I'd use the Foil Drive to get out a quarter mile to the outside break, hop on the wave, and ride it all the way to shore. If I wanted to get out of the wave because it started breaking down or there was a double-up, or maybe there was a better-looking wave out the back, I simply lowered the Foil Drive down into the water and jetted out to the next wave. It was ridiculous because usually you're pumping and you get tired, or you can only pump so far before you have to swing into the next wave so you don't lose speed and fall, but man, that Foil Drive just blew me away. It seemed like I was on foil for the majority of the time that I was out on the water today, which I've never had before.

Ryan: It does take some practice learning how to come down to the Foil Drive and continue to ride, but I had a couple of waves where I wasn't paying attention, the wave closed out, and I wasn't anywhere, but I was able to hit the motor, keep going, get past that close-out, and get into the next wave and keep riding. So it's a super awesome tool for anyone to get out there and start riding in some swell and some waves. It really helps level up your progression. You can learn so much faster with it because you get more waves.


Cole: Once you learn how to use the Foil Drive and you get comfortable with it, it will increase your wave count and it will increase your time on foil. For something like prone foiling, the only way to get better is to catch more waves and spend more time on foil, and that's exactly what Foil Drive can offer to you. Ryan, what skills do you have to learn that are specifically for foils that have the Foil Drive on it?

Ryan: You might be familiar with Cole from some of the other videos he's done with us: lot of boat foiling experience, a lot of dock starting experience, and a lot of time on a foil. I have quite a bit of wing foil and kite foil experience, so I've got a good amount of time on a foil as well. I think you really need to have some experience foiling before you try to take the Foil Drive out into the waves. With the right setup, you can also use the Foil Drive system to essentially eFoil, so that's a way that you can get that foil experience, but you don't want to hop out on a Foil Drive before you're a proficient foiler and try to ride waves.

Cole: Right. You want to make sure that you have time on a foil behind the wing, behind the boat, under a kite... do something before you hop on the Foil Drive because otherwise you're spending a lot of money for something that might not do the job for you. But it'll certainly get the job done for you once you have a little bit of that foil experience.

Ryan: It's a tool that's an assist; it's not going to make you this amazing foiler from scratch. You're going to have to become a foiler, and then it's going to assist you along in that journey, no matter at what point you may be. There are ways you can eFoil it, all the way to riding downwind swells out in the ocean if you've got that prerequisite experience. It is there to assist you, and like Cole said, it does an amazing job of increasing your wave count.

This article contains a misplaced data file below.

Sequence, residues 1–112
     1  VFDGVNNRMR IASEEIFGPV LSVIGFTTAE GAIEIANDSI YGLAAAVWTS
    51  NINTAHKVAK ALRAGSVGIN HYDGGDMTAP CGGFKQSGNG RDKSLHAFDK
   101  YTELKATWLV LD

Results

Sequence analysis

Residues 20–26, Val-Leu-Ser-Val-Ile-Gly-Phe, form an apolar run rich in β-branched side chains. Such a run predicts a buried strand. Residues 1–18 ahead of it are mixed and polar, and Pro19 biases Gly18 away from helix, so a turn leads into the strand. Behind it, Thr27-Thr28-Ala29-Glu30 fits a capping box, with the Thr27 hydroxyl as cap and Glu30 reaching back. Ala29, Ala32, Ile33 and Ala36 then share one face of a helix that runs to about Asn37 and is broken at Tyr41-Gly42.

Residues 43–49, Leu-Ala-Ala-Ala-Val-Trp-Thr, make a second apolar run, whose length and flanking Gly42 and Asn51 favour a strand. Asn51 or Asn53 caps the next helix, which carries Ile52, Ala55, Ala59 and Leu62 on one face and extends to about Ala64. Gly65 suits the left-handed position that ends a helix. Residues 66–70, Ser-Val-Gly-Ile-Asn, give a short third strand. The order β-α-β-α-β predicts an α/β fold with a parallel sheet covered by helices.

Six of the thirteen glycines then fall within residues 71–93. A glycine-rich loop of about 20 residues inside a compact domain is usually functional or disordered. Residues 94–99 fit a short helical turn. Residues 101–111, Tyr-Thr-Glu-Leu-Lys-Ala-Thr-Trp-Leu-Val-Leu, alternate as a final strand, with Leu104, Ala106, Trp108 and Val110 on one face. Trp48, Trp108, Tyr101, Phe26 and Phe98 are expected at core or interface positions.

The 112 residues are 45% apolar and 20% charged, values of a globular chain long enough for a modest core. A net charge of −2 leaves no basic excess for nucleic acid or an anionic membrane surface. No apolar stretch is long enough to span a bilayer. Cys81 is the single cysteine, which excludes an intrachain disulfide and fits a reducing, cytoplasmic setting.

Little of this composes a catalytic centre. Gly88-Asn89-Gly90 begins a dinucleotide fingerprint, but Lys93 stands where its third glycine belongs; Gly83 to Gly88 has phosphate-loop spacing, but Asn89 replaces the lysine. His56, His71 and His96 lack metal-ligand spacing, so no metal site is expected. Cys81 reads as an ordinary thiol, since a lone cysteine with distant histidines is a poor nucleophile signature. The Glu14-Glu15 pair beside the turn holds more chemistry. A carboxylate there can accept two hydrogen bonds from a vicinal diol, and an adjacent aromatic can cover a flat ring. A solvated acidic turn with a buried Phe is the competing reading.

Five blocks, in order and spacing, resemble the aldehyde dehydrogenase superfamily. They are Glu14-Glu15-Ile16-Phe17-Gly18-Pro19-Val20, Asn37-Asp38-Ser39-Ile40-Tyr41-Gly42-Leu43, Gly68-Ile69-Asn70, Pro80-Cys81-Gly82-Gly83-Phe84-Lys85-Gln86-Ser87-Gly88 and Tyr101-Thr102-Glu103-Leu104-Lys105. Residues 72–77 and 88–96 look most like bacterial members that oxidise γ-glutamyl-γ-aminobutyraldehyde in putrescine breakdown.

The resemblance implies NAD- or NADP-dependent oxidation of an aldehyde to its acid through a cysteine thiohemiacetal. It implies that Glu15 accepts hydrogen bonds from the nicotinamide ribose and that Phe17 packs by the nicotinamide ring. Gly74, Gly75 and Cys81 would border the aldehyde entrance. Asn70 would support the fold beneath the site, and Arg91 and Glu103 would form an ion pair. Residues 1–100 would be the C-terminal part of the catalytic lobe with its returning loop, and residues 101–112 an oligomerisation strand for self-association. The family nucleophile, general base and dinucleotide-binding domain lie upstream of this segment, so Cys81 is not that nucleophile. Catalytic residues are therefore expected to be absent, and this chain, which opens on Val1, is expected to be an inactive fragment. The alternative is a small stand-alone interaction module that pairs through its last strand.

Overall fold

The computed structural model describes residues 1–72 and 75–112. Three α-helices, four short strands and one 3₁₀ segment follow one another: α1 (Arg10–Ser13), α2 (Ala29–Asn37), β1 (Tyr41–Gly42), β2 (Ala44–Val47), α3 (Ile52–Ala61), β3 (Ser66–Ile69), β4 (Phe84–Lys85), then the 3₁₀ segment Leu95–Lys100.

Getting the Foil Drive Up and Out of the Water

Cole: When I first tried the Foil Drive, I thought that getting the Foil Drive unit up and out of the water was going to be this super hard movement I'd have to learn, but what I found today was that you simply lift the Foil Drive propeller unit out of the water. It's actually a super smooth transition; it's not abrupt. If you force it, that's when you're going to fall, but if you just let the Foil Drive do its thing and come out of the water, I didn't notice a huge difference. How did you feel about that?

Ryan: I didn't either. I thought it was very natural. I didn't pay too much attention to where the Foil Drive was in the water when I was taking off on waves, other than just knowing that when it comes out of the water to let go of the trigger. There was no real difference in power. I feel like it was very natural coming up onto foil. Eventually the wave had enough power that I was able to get the foil up high enough where it was out.

Reentering the Water

Cole: It's the weirdest thing; you think there'd be this moment where you get all this drag released when that unit comes out of the water, but you're just up and riding. Re-entering the water is a little bit different story. What I found is that when you want to put the Foil Drive back into the water, you want to make sure you do one of two things: you either start that propeller before you enter the water, or you start the propeller after you have that Foil Drive unit submerged completely underneath the water. If the propeller's halfway in and halfway out of the water, you're going to get this weird cavitation effect where the prop is hitting the water, but it's not, and it makes for a really unstable ride. That caused a lot of my falls to happen. Did you feel a similar way on that?

Ryan: I felt it was easiest if I could get the propeller spinning before I got the Foil Drive down. The Foil Drive is generally pretty high up on the mast, so you're essentially coming down off foil at that point. It's fairly easy to power it back up to full throttle and come down to it and ride the motor.


Cole: We wanted to share our story of learning how to use the Foil Drive with you so you can have a more efficient time with your learning curve when you get on your Foil Drive. We've been loving riding these things, and we know you will too.